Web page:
Spain's economy minister and European Union officials denied yesterday (10 April) that the country needed an international bailout, following Greece, Ireland and Portugal.
Economy Minister Luis de Guindos told journalists that Spain “does not need a rescue at this time,” as the liquidity provided by the European Central Bank was enough to shelter the country’s ailing banking sector.
Spain’s budget deficit and growing debt has worried investors, but senior EU officials said Brussels was pushing the Spanish government to implement tough reforms and announced and that there were no bailout talks, despite a sharp sell-off in Spanish bonds.
Prime Minister Mariano Rajoy announced new spending cuts on Monday in a bid to meet a stringent EU deficit limit. The EU welcomed the savings but many analysts fear they will lead to a deeper recession, a scenario that Spain’s Central Bank Governor Miguel Ángel Fernández Ordóñez said could mean banks will need more capital.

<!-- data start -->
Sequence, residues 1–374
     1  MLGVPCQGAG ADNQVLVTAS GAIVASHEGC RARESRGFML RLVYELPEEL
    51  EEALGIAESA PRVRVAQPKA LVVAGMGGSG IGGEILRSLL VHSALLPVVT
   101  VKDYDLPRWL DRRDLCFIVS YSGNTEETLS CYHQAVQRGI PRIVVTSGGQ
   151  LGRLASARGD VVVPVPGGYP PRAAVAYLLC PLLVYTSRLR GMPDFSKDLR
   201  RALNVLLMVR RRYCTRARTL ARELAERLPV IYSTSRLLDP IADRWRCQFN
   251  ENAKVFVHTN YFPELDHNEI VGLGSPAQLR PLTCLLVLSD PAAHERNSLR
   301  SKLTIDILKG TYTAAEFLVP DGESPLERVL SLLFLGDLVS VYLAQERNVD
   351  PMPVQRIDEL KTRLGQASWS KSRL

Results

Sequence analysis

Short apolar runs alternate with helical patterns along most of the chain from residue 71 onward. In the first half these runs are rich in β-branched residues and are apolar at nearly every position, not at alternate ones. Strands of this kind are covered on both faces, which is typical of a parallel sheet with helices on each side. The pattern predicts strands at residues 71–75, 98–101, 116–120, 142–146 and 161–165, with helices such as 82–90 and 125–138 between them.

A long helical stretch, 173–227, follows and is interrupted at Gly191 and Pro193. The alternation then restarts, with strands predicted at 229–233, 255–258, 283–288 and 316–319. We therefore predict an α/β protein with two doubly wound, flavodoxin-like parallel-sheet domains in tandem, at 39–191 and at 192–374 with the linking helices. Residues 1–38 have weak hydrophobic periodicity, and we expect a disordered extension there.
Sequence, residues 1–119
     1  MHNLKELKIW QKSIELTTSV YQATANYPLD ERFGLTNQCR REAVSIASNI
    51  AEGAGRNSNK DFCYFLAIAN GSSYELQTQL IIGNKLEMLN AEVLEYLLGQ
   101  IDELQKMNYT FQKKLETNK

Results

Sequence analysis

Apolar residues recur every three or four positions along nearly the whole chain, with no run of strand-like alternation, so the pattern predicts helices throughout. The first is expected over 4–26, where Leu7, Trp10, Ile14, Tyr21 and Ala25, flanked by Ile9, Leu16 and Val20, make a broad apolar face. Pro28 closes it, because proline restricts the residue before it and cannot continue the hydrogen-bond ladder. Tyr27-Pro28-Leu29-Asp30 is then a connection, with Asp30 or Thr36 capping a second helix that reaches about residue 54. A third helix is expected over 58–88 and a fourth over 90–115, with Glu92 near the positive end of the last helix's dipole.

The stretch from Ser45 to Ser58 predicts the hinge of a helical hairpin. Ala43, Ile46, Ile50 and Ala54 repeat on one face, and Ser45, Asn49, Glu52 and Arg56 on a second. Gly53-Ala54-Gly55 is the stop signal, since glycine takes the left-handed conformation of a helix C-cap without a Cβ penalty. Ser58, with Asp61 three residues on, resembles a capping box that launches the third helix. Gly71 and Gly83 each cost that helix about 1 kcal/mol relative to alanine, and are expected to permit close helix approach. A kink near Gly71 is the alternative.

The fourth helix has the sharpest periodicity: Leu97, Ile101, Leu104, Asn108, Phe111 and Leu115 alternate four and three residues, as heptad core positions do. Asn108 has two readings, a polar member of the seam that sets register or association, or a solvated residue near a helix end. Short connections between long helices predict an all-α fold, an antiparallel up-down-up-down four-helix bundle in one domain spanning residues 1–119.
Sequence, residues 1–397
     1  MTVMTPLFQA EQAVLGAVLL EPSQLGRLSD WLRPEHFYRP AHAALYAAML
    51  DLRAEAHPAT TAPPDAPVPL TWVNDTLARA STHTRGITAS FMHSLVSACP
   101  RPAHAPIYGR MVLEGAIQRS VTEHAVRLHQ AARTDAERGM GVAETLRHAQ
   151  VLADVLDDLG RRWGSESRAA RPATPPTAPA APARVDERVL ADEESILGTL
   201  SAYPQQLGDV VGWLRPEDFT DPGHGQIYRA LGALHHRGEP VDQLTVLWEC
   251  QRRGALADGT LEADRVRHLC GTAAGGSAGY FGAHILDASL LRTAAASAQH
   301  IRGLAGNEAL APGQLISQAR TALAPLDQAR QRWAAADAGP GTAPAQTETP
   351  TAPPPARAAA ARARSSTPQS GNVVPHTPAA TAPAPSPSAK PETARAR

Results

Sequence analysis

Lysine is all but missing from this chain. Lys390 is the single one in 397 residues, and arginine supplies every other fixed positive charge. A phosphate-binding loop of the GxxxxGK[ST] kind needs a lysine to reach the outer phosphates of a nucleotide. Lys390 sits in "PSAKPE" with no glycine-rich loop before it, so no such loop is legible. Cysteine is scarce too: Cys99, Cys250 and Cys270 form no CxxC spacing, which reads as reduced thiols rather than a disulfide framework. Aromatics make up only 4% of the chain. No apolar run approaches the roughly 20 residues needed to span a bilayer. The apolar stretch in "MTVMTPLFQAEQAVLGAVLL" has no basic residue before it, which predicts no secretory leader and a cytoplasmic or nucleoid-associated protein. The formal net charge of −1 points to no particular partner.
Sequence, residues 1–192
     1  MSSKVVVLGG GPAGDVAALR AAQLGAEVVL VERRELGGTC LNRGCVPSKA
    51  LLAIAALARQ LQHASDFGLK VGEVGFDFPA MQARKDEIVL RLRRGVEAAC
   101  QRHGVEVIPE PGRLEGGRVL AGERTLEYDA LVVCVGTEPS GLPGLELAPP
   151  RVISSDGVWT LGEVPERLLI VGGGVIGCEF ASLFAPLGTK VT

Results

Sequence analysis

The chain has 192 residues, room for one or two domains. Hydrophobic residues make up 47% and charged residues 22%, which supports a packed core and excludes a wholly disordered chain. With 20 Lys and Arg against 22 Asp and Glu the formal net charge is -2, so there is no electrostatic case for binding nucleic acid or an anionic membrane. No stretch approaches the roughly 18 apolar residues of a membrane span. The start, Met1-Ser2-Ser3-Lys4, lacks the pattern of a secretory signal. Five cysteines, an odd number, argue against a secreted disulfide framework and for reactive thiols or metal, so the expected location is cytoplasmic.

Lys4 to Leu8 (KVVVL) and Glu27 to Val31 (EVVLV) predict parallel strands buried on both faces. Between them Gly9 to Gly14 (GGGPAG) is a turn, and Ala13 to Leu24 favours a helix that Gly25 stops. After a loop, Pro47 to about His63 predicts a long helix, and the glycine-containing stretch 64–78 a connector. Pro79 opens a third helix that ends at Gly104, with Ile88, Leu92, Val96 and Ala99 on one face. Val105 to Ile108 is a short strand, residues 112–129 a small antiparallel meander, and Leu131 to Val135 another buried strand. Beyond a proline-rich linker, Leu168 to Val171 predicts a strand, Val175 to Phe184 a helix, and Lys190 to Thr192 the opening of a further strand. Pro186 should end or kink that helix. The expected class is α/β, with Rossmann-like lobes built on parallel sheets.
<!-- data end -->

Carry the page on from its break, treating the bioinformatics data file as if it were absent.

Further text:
"If the Spanish economy finally recovers, what has been done will be enough, but if the economy worsens more than expected, it will be necessary to continue increasing and improving capital as necessary in order to have solid entities," he said at a conference in Madrid.
The economy is forecast to contract by 1.7% this year but is likely to deteriorate further as the government slashes €27 billion from the central budget, and billions more from spending in the country's 17 autonomous regions.
Ordóñez said it was unlikely the country would experience a strong recovery in the short-term.